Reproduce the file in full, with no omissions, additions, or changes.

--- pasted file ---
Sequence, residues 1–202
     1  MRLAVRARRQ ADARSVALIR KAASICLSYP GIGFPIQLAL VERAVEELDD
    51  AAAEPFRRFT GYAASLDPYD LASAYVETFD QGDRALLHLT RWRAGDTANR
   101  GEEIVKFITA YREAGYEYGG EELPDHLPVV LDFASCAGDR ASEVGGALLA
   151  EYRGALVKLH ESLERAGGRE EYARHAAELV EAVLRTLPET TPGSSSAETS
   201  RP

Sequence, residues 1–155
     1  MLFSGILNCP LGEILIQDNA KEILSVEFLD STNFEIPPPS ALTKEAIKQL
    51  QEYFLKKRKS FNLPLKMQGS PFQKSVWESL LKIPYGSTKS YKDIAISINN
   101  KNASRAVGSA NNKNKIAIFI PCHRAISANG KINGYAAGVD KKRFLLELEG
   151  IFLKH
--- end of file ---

Sequence, residues 1–202
     1  MRLAVRARRQ ADARSVALIR KAASICLSYP GIGFPIQLAL VERAVEELDD
    51  AAAEPFRRFT GYAASLDPYD LASAYVETFD QGDRALLHLT RWRAGDTANR
   101  GEEIVKFITA YREAGYEYGG EELPDHLPVV LDFASCAGDR ASEVGGALLA
   151  EYRGALVKLH ESLERAGGRE EYARHAAELV EAVLRTLPET TPGSSSAETS
   201  RP

Sequence, residues 1–155
     1  MLFSGILNCP LGEILIQDNA KEILSVEFLD STNFEIPPPS ALTKEAIKQL
    51  QEYFLKKRKS FNLPLKMQGS PFQKSVWESL LKIPYGSTKS YKDIAISINN
   101  KNASRAVGSA NNKNKIAIFI PCHRAISANG KINGYAAGVD KKRFLLELEG
   151  IFLKH